December 12, 2006
Iraq Budget Woes: Graft, Bureaucracy and Fiefdoms
Came across an article in the NYT reporting that Iraq's 27 ministries were spending as little as 15% of 2006 capital budget allocations for rebuilding. Salient points are highlighted below:
Among reasons for the problems — like a large turnover in government personnel — is a strange new one: bureaucrats are so fearful and confused by anticorruption measures put in place by the American and Iraqi governments that they are afraid to sign off on contracts...
American and Iraqi officials here are also saying that the stringent measures they had favored to slow the rampant corruption may be especially daunting for bureaucrats who have little experience with Western-style regulations and oversight. Those officials say that Iraqis who have seen their colleagues arrested and jailed in anticorruption sweeps are reluctant to put their own name on a contract.
A superficial reading of this article suggests an argument for more loosely regulated bureaucracy to speed up the disbursement of funds. That makes sense if one does not recall the USG CPA audit that revealed misappropriation of about $8.8 billion dollars. Unsurprisingly, the situation in Iraq makes a standard regs vs. no-regs debate a bit complicated.
First, bureaucracies headed by autocrats are not generally results-oriented. Dictators often reward supporters with government jobs, regardless of whether or not they can actually perform the work. Western liberal democratic governments, while still prone to cronyism, are also subject to public expectation and punishment by voters. This creates a top-down incentive to achieve results (or achieve something that can be passed off as such). Transparency and accountability measures, such as published budgets and audits, create further incentives to meet objectives and avoid embarassment. In countries where accountability is nonexistent, crony-bureaucracies are primarily concerned with personal/factional advancement through larger budget allocations, not public service. If the pre-war Iraq bureaucracy was accustomed to behaving like a massive graft operation, there is little reason to expect an overnight transformation simply because the country had an election. Plenty of so-called democratic countries in Africa are corrupt to the core, despite having parliaments, regular elections and even anti-corruption commissions.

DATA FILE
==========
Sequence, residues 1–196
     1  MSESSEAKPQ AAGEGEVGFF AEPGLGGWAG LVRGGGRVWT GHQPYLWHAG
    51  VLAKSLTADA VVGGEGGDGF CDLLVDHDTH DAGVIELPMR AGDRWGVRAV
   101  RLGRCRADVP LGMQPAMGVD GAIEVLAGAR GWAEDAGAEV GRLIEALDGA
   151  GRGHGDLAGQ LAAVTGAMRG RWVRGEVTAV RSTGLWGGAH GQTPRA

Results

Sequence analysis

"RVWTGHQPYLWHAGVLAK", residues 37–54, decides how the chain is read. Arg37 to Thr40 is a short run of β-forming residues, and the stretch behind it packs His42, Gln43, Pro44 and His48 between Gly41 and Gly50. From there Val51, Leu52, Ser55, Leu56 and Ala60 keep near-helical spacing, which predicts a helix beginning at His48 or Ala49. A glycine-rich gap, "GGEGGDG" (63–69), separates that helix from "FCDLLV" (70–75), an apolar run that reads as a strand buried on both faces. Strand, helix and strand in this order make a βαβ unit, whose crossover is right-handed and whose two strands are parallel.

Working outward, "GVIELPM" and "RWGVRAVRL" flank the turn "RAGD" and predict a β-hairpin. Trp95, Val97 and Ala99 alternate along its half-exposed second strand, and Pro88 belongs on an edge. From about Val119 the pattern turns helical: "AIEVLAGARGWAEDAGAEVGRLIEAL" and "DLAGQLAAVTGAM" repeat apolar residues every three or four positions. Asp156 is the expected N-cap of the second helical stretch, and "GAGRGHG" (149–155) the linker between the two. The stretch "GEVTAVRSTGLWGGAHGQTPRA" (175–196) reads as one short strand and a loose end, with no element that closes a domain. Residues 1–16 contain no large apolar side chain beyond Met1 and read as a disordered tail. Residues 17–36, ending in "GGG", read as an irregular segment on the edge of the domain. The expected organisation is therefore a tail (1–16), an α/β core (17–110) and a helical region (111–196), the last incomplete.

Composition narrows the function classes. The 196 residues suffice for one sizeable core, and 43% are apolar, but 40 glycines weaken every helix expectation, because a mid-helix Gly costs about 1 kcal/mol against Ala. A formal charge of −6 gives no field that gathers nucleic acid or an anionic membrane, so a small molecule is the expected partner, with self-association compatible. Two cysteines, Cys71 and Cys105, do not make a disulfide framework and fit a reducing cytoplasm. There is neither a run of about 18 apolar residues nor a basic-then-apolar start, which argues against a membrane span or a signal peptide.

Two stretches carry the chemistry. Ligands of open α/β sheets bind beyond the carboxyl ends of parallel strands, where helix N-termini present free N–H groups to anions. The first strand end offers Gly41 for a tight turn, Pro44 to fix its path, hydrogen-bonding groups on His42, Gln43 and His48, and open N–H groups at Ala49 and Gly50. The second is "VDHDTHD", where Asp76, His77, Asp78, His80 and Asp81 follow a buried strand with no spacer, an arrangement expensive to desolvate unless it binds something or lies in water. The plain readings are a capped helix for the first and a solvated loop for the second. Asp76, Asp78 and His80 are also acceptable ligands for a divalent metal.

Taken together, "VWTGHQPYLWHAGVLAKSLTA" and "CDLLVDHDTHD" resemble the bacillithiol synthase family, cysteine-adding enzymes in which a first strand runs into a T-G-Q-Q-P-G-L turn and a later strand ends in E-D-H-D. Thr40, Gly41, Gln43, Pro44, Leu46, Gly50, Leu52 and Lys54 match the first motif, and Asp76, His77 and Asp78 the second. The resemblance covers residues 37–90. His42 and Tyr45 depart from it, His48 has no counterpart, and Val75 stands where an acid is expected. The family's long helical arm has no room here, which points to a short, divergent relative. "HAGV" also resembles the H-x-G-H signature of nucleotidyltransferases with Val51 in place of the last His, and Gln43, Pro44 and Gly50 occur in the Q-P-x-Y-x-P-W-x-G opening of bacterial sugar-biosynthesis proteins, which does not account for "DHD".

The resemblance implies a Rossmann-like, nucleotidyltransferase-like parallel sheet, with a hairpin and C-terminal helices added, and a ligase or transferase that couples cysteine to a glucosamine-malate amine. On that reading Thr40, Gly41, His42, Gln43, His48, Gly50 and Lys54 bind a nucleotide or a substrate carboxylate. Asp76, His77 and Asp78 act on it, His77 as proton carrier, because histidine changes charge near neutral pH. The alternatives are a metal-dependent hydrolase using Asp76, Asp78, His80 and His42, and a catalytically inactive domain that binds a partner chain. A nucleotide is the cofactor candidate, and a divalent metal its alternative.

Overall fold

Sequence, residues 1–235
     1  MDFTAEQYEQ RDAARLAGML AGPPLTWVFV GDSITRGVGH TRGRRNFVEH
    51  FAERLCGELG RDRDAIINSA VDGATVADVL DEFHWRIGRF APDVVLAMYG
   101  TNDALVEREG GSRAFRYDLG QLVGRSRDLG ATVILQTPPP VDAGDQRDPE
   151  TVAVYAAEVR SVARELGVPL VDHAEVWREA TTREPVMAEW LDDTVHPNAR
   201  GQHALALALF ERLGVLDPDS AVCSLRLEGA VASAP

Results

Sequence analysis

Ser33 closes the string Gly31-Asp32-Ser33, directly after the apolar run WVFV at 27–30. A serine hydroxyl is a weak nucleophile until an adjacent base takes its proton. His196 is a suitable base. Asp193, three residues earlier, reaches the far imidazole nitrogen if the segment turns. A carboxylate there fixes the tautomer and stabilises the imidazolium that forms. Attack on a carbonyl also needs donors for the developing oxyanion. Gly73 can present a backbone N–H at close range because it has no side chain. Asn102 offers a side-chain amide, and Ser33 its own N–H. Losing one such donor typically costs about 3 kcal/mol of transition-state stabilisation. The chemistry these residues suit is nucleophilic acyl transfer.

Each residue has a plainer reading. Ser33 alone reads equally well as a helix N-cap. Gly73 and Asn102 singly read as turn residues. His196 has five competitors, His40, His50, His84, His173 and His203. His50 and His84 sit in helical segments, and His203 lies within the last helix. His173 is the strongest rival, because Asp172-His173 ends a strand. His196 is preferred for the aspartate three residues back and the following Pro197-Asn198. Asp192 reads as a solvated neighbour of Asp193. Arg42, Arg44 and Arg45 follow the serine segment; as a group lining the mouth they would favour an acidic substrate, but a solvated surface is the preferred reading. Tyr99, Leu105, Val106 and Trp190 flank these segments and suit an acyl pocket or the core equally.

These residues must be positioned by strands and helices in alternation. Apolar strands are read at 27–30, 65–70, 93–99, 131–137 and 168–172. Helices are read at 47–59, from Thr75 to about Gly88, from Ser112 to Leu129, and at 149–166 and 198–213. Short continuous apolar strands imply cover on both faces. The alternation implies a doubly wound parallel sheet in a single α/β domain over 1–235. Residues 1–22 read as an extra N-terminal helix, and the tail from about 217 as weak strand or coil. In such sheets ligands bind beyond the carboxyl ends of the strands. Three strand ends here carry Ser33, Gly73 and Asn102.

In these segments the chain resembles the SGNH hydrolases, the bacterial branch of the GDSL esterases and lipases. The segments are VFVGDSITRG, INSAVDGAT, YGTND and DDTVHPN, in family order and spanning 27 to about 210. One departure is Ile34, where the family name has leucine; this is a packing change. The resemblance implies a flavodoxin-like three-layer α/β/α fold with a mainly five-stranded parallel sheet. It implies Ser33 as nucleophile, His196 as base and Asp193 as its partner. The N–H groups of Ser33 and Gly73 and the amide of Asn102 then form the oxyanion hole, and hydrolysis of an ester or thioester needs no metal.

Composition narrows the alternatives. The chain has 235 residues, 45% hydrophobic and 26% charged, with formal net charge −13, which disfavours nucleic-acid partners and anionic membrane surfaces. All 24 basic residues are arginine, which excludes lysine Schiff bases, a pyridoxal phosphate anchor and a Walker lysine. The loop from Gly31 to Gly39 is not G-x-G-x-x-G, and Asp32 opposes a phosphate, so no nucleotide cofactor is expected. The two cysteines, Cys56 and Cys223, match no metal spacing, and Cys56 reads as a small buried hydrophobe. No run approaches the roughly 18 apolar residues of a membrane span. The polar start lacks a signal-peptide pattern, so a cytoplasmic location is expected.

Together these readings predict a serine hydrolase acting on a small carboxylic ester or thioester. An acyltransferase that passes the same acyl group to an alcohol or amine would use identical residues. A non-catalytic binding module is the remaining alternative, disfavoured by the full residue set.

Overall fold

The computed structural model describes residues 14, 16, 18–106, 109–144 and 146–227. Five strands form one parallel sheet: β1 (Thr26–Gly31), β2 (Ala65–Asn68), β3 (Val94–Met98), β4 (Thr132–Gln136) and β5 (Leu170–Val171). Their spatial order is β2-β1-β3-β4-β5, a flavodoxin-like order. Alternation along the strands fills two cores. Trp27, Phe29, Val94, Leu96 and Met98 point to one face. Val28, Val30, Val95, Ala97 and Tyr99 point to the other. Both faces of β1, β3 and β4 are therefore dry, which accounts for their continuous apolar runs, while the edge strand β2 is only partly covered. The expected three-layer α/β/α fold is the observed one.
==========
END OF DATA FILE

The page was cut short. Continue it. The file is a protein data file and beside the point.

Second, as mentioned in the article, contract and project management skills are crucial when it comes to handling expensive and complicated initiatives (e.g. infrastructure/public works). Mass exodus and de-Baathification no doubt created a serious shortage of technocrats in Iraq, further exacerbated by the sectarian fiefdoms created in each ministry (once again, the incentive to populate a ministry with ethnic/sectarian cronies is stronger than hiring based on merit). Hiring consultants to fill the skill gap isn't a good long-term solution either, particularly if oversight mechanisms are broken.
Reducing the amount of scrutiny can speed up spending, but as the CPA experience shows, funds can easily disappear into somebody's pocket rather than being used for reconstruction. Bremer blasted the Jan 2005 audit for expecting the CPA to follow accounting standards that "even peaceful Western nations would have trouble meeting within a year." Fair enough, but relaxed regulations should still be accompanied by performance monitoring and some awareness of how much money is being used to grease the wheels, as it were.
Looking at the current budget paralysis of the Iraqi government, it appears that the pendulum has swung too far in the other direction and the bureaucracy is simply not prepared (culturally or operationally) to deal with tighter spending rules. Aside from tweaking processes for expediency, there are no easy solutions for transforming an entire public service that is fundamentally lacking in capacity, skills and truly accountable leadership.
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Reminds me a bit of problems here in the Czech Republic. A lot of EU regional development money is never disbursed by the central government because the latter applies the most stringent of the EU suggested (not mandatory) conditions on project approval, and even goes beyond them. Yet at the same time this is one of the most corrupt countries in Europe.
Posted by: Antiquated Tory at December 12, 2006 04:31 PM